If you are registered as tenants-in-common, then you each own 50 per cent share individually and independently of each other. The possibility of either of you buying the other out would also apply in these circumstances and failing this, a sale in the open market.
If you both cannot agree on what steps to take towards the partitioning and division of your interests in the property, then you must, of course, apply to the court here in Jamaica for a declaration of your respective interests, and for orders for the interests to be partitioned and by what means you will each obtain your respective interest as declared by the court.
If only his name appears on the title, you must quickly apply to the court here for a declaration of your respective interests in the premises and for the consequential orders you require to obtain your full interest as declared by the court. These would generally be that either of you can buy the other's interest and failing this, that the property be sold on the open market after a valuation by a licensed valuator agreed by you both, or chosen by the registrar of the Supreme Court if you fail to agree. Then, your attorney-at-law should have carriage of any such sale and he or she shall then pay out the net proceeds to the parties as ordered by the court.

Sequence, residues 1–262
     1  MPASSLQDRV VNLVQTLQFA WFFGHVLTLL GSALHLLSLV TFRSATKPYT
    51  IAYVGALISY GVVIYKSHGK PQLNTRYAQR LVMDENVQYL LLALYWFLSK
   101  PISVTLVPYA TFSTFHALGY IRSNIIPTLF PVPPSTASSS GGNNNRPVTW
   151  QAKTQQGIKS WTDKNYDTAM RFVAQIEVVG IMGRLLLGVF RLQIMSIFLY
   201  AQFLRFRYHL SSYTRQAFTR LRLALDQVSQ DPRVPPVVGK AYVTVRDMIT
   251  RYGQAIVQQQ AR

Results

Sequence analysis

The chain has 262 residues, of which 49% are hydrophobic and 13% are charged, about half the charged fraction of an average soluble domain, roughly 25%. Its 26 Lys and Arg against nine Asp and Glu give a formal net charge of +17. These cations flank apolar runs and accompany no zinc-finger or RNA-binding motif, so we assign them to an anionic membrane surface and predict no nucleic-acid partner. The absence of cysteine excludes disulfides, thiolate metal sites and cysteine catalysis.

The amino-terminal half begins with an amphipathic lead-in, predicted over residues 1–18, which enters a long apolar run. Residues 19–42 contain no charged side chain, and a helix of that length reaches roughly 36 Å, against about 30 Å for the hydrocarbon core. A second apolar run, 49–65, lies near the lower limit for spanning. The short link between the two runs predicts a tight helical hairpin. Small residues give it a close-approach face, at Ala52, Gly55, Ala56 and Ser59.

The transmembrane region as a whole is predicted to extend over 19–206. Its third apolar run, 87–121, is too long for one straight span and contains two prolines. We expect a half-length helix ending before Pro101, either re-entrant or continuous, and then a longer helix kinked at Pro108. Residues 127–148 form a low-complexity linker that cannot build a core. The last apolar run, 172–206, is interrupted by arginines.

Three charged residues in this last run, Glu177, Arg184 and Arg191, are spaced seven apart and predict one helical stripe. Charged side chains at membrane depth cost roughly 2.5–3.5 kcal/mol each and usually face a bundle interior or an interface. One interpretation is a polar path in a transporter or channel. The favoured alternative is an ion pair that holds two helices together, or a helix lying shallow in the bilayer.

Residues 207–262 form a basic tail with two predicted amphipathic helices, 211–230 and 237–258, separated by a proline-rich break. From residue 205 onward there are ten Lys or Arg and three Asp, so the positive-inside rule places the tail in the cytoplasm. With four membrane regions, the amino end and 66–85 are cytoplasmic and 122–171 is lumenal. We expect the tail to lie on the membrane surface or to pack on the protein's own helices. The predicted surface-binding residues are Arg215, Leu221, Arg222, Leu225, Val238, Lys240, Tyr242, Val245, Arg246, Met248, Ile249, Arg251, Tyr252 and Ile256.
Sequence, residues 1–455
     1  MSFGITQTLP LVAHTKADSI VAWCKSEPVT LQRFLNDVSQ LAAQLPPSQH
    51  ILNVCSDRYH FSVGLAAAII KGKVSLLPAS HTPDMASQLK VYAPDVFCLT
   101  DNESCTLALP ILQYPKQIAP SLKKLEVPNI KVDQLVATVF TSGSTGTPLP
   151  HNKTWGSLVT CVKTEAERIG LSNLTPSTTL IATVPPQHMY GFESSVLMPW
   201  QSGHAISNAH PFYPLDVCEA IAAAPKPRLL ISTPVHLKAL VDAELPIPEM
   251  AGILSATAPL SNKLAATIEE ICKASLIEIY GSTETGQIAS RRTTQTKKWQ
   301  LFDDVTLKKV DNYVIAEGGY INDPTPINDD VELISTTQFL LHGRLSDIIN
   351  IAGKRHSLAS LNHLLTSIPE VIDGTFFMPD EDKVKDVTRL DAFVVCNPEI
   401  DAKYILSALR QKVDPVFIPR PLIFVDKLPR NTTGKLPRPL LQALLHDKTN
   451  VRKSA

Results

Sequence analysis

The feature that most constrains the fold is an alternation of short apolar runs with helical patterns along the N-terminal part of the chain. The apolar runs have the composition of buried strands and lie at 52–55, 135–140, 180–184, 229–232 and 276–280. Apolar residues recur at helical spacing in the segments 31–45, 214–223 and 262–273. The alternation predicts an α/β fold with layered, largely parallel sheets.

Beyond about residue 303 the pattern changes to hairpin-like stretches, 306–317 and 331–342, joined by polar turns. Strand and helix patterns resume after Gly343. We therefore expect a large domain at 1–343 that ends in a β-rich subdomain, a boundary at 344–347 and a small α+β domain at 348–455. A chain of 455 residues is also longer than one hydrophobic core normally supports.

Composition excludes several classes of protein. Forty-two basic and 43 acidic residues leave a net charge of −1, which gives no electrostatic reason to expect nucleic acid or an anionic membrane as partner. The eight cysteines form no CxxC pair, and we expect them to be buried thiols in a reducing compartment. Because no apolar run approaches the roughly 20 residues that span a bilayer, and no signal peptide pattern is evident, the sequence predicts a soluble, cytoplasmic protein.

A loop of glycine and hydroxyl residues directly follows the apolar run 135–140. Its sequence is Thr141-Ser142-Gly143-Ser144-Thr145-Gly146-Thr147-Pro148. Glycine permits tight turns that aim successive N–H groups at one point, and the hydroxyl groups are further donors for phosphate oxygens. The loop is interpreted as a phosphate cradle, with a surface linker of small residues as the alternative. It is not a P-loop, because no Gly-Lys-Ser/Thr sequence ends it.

I'm telling you to apply quickly because you did not say that you were both registered on the title and I thought it best to mention this latter circumstance, just in case. You must act quickly in order to lessen the chances of him effecting a transfer of the property to himself and some other persons in order to deprive you of your share. Though this will not deprive you of your interest, it adds complications. So I advise that you must quickly file your application as I have mentioned because if he then makes any attempt to sell it, or obtain a loan using it as surety for the loan, or transfer it wholly or a partial interest of it after your application has been filed, then he will be committing an offence under the Property (Rights of Spouses) Act.
If he is charged and convicted he will be liable to be fined $1,000,000 maximum or sentenced to a maximum term of imprisonment for 12 months, or both. The level of sentence will, of course, depend on how egregious the judge considers his actions to be.